By Cate Hull
With digitization, blockchain technology, drone deliveries and sophisticated tracking systems, the world of freight and logistics seems to get more complex every day.
Which is why we find a recent post on TheAfricaLogistics.com site a refreshing reminder of the basic tenet, “stick to the basics.”
TheAfricaLogistics.com published their complete guide on the export shipping process.
Here are some highlights:
“The process of moving a cargo from one point to another can be a confusing and involving especially when it is international in nature. But understanding the documentation required and the process involved, can help a great deal.
Here is an overview of the entire shipping process, detailing the documents necessary for each milestone and what steps both the shipper and freight forwarder must follow to successfully ship products.”
The shipping process
Step 1: Request quotes
Clarify details of shipment, including the ship date, detailed origin and destination addresses, and the dimensions of your freight. Once this is done, you should start getting quotes from forwarders. You can either do this by calling or emailing forwarders, then wait a few days for quotes to get back to compare.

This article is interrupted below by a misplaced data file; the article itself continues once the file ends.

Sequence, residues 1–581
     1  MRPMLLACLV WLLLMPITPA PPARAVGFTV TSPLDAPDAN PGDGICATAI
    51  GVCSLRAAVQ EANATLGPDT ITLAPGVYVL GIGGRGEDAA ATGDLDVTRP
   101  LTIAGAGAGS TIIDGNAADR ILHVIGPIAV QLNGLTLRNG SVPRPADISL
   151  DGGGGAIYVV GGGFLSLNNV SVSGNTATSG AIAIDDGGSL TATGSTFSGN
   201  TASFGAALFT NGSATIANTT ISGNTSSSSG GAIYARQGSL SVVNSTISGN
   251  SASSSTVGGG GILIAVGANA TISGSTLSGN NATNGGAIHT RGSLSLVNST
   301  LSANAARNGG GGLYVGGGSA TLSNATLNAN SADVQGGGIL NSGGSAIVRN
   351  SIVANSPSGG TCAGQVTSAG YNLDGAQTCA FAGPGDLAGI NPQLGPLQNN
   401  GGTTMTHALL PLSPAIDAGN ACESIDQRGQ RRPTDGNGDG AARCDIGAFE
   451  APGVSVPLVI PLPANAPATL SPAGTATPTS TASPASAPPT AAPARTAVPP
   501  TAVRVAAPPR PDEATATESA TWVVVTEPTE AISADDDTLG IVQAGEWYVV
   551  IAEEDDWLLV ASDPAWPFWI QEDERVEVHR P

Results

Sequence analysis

Or more conveniently, you can use a service like our FreightDesk, which matches your shipment with available shippers for the most efficient and cost-effective way to move shipments.
Any special requirements should be enumerated – this can include shipping of hazardous goods, shipping to an Amazon warehouse, requiring a liftgate for residential delivery, and listing whether a customs broker will be needed.
Step 2: Choose the quote that you prefer
With all the quotes that you’ve gathered, you can pick the one that best fits your target rate or preferred transit time.
Again, FreightDesk can simplify this process.
Step 3: Prepare necessary documents for the shipping process
Once you have finalized your sale and prepared your goods for export, you need to prepare the proper shipping documents. That typically includes three copies of the commercial invoice with these important data elements.
In addition, you would typically include a packing list, which provides the freight forwarder, carrier, and ultimate consignee with information about your shipment, the packing details, and the marks and numbers as noted on the outside of the boxes.
A packing list is also a means by which customs authorities in the importing country assess security and compliance. And it is a required document to file a claim with the carrier or insurance company in the event of cargo damage or loss.
Certificate of Origin
While some countries will accept a statement of origin on the commercial invoice, the customs authorities of other countries may require a separate document titled a certificate of origin. The certificate of origin is documentary evidence that the goods originated in the country stated in the certificate, commercial invoice, or packing list.